Post by: Gordon Ferguson on September 10, 2009, 01:16:24 AM
Paul,

these recent photos may be of some interest

http://s251.photobucket.com/albums/gg315/gomphus_photos/Real%20Railway%20Stuff/Eaton%20Hall%20Railway%2025th%20July%202009/

Gordon


Title: Re: And now for something completely different... 15" gauge in 1/2" scale
Post by: RoughboyModelworks on September 10, 2009, 08:10:24 PM
Gordon:

Thanks for the links. I wasn't aware of the Gn15 forum... I'm going to have to spend some time browsing through there, looks like there may be some valuable info. I know of several sites with photos and videos of the "reconstructed" railway and equipment. I remember discussion of this back in the early 90s when work was going forward on the reconstructed Katie (photo below). What I'd like to find are photos of Katie's reconstruction in process, but so far I haven't had any luck. I think they would be very informative. I must say though, I've never thought much of the reconstruction/remodeling of the Belgrave Shed (photo below). It certainly looks like a committee job struggling with issues of economy and architectural indecision. However, at least they didn't replace it with a quonset hut or some similar atrocity.

(http://roughboy.net/imgs/KatieRecon.jpg)

(http://roughboy.net/imgs/EatonHallShed.jpg)

Paul


Title: Re: And now for something completely different... 15" gauge in 1/2" scale
Post by: shropshire lad on September 11, 2009, 01:13:43 AM
Paul ,

   You're going to love me . About a month ago I was within a couple of miles of Eaton Hall when we made a family trip to Chester . I had no idea it was there . Not that I would have gone there if I had . But if you had made your request sooner I'm sure I might have persuaded the rest of the family to make a detour .
   I have been looking through my back issues of the British narrow gauge magazine called "Narrow Gauge & Industrial Railway Modelling Review " , bit of a mouthful, and so far have come up with one or two references . I'll let you know more when I've finished looking .

  Nick Ogden


Title: Re: And now for something completely different... 15" gauge in 1/2" scale
Post by: Gordon Ferguson on September 11, 2009, 03:24:54 AM
Paul,

glad the links were of some use , here are some more which are a bit more obscure and not so obviously linked to any searches you may have made 

 http://www.perrygrove.co.uk/History1.html

http://stevebennett.fotopic.net/c672671.html

I live not that far away - and in american distance terms right next door so happy to get any info I can for you - the gardens and railway are only open to public about 2 or 3 times a year and I don't think the next open day will be to next spring but will check.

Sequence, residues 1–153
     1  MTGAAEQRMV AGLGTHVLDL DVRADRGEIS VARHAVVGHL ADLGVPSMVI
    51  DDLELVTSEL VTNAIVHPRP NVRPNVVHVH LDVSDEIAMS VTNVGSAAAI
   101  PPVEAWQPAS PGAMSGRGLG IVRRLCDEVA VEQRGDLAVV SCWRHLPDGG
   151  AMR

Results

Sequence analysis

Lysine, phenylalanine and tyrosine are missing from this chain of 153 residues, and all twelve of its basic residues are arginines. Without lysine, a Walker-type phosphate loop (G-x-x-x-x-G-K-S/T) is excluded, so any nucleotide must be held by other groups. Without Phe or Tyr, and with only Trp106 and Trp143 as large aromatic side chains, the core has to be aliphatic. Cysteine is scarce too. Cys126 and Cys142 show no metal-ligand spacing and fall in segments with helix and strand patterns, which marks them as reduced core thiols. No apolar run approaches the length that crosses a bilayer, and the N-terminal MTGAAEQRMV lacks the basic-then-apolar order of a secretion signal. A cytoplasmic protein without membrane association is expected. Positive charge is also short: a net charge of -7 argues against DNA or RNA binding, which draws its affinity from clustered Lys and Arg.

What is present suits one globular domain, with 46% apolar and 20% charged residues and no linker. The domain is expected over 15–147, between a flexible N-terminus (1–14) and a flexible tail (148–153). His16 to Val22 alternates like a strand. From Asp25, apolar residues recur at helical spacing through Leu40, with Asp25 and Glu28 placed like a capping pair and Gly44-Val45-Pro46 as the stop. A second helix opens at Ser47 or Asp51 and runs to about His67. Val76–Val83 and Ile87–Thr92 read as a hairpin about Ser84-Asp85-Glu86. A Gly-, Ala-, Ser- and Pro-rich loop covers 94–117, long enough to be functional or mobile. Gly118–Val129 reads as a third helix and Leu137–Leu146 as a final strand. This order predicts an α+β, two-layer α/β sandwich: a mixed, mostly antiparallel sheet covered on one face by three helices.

Gordon


Title: Re: And now for something completely different... 15" gauge in 1/2" scale
Post by: Gordon Ferguson on September 11, 2009, 03:32:25 AM
Sorry forgot to add this one

http://www.greatnorthernsteam.co.uk/

These are the people who built the replica, believe they are still building a 7.5" gauge version so it might be worth contacting them for a chance of getting some build shots .

Mr Brownstone - you may want to have a look at this site as well - you can buy yourself a fully working Traction Engine ;)

Gordon


Title: Re: And now for something completely different... 15" gauge in 1/2" scale
Post by: RoughboyModelworks on September 13, 2009, 12:19:39 PM
Thanks Nick - looks like it might be worth making a detour too at some point, though I understand they're only open to the public on a few occasions per year. Makes you wonder what they're up to the rest of the time...  :)

I am familiar with the Review. I have a complete run through issue 31 but admit to not seeing it since. I used to write a column for it when Michael Brown was editor. When Michael retired, Roy took it over again and he evidently decided that my contributions were no longer require... :(  Such is life.

Thanks for the additional links Gordon and I will likely take you up on your offer to get more info at one of their future open days. I was aware of the Perrygrove Railway site and their collection of Heywood equipment. I didn't know of the Great Northern Steam site, what a terrific place. I'd sure love to spend some time hanging about that shop being a general nuisance... ;) It's hard to imagine how they maintain such a business in today's economy but then there has always been greater support for historical preservation and reconstruction in the UK than there ever has been in this country. It's wonderful to see this kind of work continuing.

Paul



Title: Re: And now for something completely different... 15" gauge in 1/2" scale
Post by: Hauk on September 13, 2009, 03:20:33 PM
A very interesting choice of prototype, Paul!
I applaude when people choose unusual prototypes.
Its also nice to see an interest in “foreign” prototypes on the forum.  Makes the forum feel even more comfy for a follower of "foreign" prototypes like myself.

Speaking of British estate railroads, there was a really nice article in issue 168 of the Model Railway Journal on a layout based on the Sand Hutton Railway, an  18”  gauge  estate railway.  Ok,this paragraph might be slightly off topic, but I was just looking for a chance to do a little plug for the MRJ! MRJ is my favorite modeling magazine (I consider the Modelers Annual a book, Russ!). Slightly eccentric, slightly archaic, but a fun and educational read. And it never fails to inspire!

Back to the , the Katie seems like an excellent subject to be modelled in etched brass and maybe lasercut steel. A 1/24 model would be qite similiar in size and complexity to this engine in On3:
http://ljungz.com/trains/trains.html (http://ljungz.com/trains/trains.html)

This is a model of photoetched brass and lasercut steel parts for the  siderods and stuff. This project was a big inspiration for my own boxcab-project.


I am really looking forward to more postings on your project!